of the Vikings; and on northward ever towards the lonely Faroes, and the everlasting dawn which heralds round the Pole the midnight sun.

Their water is failing; the cattle must go overboard; and the wild northern sea echoes to the shrieks of drowning horses. They must homeward at least, somehow, each as best he can. Let them meet again at Cape Finisterre, if indeed they ever meet. Medina Sidonia, with some five-and twenty of the soundest and best victualled ships, will lead the way, and leave the rest to their fate. He is soon out of sight; and forty more, the only remnant of that mighty host, come wandering wearily behind, hoping to make the south-west coast of Ireland, and have help, or, at least, fresh water there, from their fellow Romanists. Alas for them!—

“Make Thou their way dark and slippery,
And follow them up ever with Thy storm.”

For now comes up from the Atlantic, gale on gale; and few of that hapless remnant reached the shores of Spain.

And where are Amyas and the Vengeance all this while?

At the fifty-seventh degree of latitude, the English fleet, finding themselves growing short of provision, and having been long since out of powder and ball, turn southward toward home, “thinking it best to leave the Spaniard to those uncouth and boisterous northern seas.” A few pinnaces are still sent onward to watch their course: and the English fleet, caught in the same storms which scattered the Spaniards, “with great danger and industry reached Harwich port, and there provide themselves of victuals and ammunition,” in case the Spaniards should return; but there is no need for that caution. Parma, indeed, who cannot believe that the idol at Halle, after all his compliments to it, will play him so scurvy a trick, will watch for weeks on Dunkirk dunes, hoping against hope for the Armada’s return, casting anchors, and spinning rigging to repair their losses.

“But lang, lang may his ladies sit,
   With their fans intill their hand,
Before they see Sir Patrick Spens
   Come sailing to the land.”

The Armada is away on the other side of Scotland, and Amyas is following in its wake.

For when the lord high admiral determined to return, Amyas asked leave to follow the Spaniard; and asked, too, of Sir John Hawkins, who happened to be at hand, such ammunition and provision as could be afforded him, promising to repay the same like an honest man, out of his plunder if he lived, out of his estate if he died; lodging for that purpose bills in the hands of Sir John, who, as a man of business, took them, and put them in his pocket among the thimbles, string, and tobacco; after which Amyas, calling his men together, reminded them once more of the story of the Rose of Torridge and Don Guzman de Soto, and then asked:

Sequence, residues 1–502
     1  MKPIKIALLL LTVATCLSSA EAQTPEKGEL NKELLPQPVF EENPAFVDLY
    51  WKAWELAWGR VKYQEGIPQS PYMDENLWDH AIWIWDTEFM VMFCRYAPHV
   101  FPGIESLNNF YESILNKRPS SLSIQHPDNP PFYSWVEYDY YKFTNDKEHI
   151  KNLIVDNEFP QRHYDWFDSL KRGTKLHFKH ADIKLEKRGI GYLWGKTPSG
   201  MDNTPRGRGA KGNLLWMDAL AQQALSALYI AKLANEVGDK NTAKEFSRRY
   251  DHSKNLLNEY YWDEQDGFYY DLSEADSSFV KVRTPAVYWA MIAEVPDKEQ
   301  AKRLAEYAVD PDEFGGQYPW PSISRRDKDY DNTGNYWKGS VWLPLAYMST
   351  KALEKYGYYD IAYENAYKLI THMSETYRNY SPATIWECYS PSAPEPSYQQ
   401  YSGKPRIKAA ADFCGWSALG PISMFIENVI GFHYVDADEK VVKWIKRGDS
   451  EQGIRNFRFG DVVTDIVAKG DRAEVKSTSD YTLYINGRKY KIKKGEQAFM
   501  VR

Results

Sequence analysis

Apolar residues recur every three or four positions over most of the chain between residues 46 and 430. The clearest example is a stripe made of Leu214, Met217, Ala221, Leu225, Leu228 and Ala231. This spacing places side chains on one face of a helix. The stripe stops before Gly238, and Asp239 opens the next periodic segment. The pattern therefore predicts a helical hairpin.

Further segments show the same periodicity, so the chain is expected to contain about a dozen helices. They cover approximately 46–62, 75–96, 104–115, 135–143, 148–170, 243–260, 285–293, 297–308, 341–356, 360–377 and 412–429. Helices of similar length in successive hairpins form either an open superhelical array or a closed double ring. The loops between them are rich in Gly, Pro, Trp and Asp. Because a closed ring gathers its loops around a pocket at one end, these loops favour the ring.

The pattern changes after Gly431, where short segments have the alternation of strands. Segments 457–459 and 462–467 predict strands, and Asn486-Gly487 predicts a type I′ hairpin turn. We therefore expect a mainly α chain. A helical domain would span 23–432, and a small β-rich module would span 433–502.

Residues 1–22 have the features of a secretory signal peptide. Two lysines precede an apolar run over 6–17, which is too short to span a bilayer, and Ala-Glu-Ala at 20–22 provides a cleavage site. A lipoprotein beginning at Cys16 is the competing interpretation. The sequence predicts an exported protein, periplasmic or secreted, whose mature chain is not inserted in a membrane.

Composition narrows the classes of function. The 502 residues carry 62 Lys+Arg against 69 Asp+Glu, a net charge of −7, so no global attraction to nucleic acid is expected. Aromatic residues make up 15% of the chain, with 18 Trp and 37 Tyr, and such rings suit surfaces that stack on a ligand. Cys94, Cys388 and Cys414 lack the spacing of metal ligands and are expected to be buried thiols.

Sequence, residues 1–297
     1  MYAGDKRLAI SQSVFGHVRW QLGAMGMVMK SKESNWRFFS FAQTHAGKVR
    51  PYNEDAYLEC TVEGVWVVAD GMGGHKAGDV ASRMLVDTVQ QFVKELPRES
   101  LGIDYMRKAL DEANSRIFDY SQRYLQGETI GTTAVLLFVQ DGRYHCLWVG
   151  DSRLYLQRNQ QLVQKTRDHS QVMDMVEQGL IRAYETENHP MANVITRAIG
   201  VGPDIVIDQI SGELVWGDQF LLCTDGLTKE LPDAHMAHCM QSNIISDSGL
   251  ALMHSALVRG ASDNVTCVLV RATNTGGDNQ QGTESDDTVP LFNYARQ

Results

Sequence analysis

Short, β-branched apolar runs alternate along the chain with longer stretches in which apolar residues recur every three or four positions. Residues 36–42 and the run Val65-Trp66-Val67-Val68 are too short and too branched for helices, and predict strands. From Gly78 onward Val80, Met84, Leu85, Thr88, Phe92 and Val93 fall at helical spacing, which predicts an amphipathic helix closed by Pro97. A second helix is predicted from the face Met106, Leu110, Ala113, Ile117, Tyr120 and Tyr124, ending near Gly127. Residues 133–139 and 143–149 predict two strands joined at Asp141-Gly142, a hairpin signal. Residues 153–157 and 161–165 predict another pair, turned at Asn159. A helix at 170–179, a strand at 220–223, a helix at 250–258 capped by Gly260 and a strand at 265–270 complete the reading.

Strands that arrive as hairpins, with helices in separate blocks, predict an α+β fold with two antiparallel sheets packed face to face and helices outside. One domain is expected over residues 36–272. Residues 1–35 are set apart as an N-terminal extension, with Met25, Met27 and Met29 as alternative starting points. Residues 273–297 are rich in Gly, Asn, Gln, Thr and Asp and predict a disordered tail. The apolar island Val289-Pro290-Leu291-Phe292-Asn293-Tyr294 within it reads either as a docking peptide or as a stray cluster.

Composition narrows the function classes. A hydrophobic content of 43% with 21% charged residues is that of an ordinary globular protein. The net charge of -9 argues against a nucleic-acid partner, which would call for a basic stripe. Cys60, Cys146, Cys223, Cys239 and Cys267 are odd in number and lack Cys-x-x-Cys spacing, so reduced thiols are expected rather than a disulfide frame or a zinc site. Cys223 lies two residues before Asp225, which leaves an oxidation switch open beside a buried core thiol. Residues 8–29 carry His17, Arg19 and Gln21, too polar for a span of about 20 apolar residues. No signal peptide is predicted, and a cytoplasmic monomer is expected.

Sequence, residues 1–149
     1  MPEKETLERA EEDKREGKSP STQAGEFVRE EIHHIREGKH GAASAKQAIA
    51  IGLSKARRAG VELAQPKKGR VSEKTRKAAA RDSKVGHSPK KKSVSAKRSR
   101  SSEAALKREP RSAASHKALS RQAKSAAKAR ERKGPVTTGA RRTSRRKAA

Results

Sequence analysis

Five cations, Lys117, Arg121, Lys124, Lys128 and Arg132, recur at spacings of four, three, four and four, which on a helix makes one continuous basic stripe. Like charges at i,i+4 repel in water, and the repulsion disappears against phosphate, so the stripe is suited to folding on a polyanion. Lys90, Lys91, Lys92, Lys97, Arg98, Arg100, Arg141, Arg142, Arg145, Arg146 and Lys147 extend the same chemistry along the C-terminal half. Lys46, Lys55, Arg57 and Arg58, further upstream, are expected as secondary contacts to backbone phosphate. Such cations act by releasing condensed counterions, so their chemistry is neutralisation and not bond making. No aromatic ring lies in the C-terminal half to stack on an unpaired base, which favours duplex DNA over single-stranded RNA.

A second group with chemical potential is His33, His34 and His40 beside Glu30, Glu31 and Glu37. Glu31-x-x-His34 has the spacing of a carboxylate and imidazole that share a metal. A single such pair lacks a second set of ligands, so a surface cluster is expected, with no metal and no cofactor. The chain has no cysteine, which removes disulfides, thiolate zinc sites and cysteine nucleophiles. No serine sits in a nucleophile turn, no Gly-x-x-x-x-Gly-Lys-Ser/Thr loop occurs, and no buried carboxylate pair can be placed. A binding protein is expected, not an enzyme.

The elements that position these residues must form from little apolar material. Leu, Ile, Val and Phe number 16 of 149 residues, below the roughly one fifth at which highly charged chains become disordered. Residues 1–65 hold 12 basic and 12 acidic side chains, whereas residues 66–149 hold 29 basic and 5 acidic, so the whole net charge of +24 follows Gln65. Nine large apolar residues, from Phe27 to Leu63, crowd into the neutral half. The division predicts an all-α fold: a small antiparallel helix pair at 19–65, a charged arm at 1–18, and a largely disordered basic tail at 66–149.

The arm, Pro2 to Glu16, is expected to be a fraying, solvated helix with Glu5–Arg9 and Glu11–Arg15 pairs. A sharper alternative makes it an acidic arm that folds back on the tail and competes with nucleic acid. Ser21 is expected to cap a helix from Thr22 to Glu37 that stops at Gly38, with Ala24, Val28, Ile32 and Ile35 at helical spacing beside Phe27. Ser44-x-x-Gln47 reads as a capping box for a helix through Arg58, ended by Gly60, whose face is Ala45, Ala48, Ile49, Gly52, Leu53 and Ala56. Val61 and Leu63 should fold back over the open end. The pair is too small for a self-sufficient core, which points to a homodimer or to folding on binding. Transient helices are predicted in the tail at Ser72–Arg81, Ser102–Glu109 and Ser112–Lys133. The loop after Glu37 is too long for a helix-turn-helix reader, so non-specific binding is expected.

“Men of Bideford, will you follow me? There will be plunder for those who love plunder; revenge for those who love revenge; and for all of us (for we all love honor) the honor of having never left the chase as long as there was a Spanish flag in English seas.”

And every soul on board replied, that they would follow Sir Amyas Leigh around the world.

There is no need for me to detail every incident of that long and weary chase; how they found the Sta. Catharina, attacked her, and had to sheer off, she being rescued by the rest; how when Medina’s squadron left the crippled ships behind, they were all but taken or sunk, by thrusting into the midst of the Spanish fleet to prevent her escaping with Medina; how they crippled her, so that she could not beat to windward out into the ocean, but was fain to run south, past the Orkneys, and down through the Minch, between Cape Wrath and Lewis; how the younger hands were ready to mutiny, because Amyas, in his stubborn haste, ran past two or three noble prizes which were all but disabled, among others one of the great galliasses, and the two great Venetians, La Ratta and La Belanzara— which were afterwards, with

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